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Can two households be better than one? In a trend called “living apart together” (LAT), a growing number of older adults are experimenting with committed relationships that also allow for autonomy. These are people who prefer intimacy and companionship in their lives. At the same time, marriage—or even living together—brings more entanglements than they want…

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Medicare: Wellness and prevention

If you are used to having an “annual physical” and ask for that, original Medicare won’t pay for it. That is, original Medicare won’t pay doctors to do a general physical exam “to see what turns up”; you’ll pay out of pocket. (Medicare Advantage might have this as an “extra.” Check with your plan.) Medicare…

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Making friends in later life

We tend to think friendships should grow organically. They don’t. Particularly in our later years, when we often lose friends—to death, illness, or moving away—we need to be much more intentional about making new ones. This is especially so for “solo agers,” those without children and grandchildren. The younger generations in the family typically make…

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What is IRMAA?

When Medicare first began in 1965, the idea was that it was for everyone over age 65, not just those who were poor. There would be no stigma. Things are different now. We live longer. Medical costs are rising. In 2003, Congress decided that those with higher incomes should chip in extra to share the…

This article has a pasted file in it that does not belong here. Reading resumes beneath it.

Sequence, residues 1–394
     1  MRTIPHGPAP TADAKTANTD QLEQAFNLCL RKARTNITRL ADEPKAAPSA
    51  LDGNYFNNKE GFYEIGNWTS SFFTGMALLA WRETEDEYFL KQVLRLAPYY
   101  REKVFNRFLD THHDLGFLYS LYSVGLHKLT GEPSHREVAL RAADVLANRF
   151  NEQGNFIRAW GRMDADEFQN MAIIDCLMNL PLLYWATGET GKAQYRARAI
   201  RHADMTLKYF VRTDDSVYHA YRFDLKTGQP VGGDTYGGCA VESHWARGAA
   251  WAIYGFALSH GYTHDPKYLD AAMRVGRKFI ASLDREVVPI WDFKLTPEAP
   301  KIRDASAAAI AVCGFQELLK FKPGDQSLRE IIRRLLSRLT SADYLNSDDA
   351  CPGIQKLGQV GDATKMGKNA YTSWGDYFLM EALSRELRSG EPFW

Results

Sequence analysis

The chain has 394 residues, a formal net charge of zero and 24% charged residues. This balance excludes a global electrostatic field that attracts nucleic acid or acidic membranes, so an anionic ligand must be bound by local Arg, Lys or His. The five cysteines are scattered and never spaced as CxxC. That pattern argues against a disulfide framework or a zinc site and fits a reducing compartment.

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Crime proofing your home

Seniors experience property crime thirteen times more often than violent crime.  Burglary is the most common. (Interestingly, it typically occurs between noon and 4:00 pm!)  The average loss is roughly $3,000, although that does not account for the emotional impact: A profound sense of violation and vulnerability. October is Crime Prevention Month. There are things…

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Sharing your home

There are many advantages to having a housemate: Defraying expenses. Sharing household chores. Help with transportation. Companionship. Increased safety. Peace of mind. In a survey of older adults who shared their homes, 50% said that since gaining a housemate, they are happier, sleep better, are getting out more, and they call upon their families less…

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Saying "no" when your kids ask for money

Once you’ve decided it’s unwise to give or lend money to children—or grandchildren—think through how you want to communicate your decision. Money is often equated with love. Even if this is a loving decision (e.g., you’ve determined that giving or lending them money is encouraging something unhealthy), how and when you decline is important for…

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"With a little help from our friends": The Village movement

Aging in place has great appeal and can be challenging and expensive. Elders who are part of a “Village” help each other with simple tasks, making it easier and more financially feasible to stay at home. Today, there are close to 250 Villages across the country. They are part of a widespread grassroots movement of…

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Planning a trip? Your health insurance might not come with you! International travel. If you need medical care outside the United States—an ER visit, hospitalization, ambulance, medical exam, labs, or a medical evacuation—there are very few circumstances in which original Medicare will help out. You should be prepared to pay 100 percent of any medical…

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Solo aging: Eyes wide open

Aging comes to us all. What makes solo aging different is the need to be more proactive about arranging for help. Twenty-two percent of older adults acknowledge they will need to take care of themselves. (Even if you are partnered now or have children, you are wise to consider the possibility of solo aging because,…

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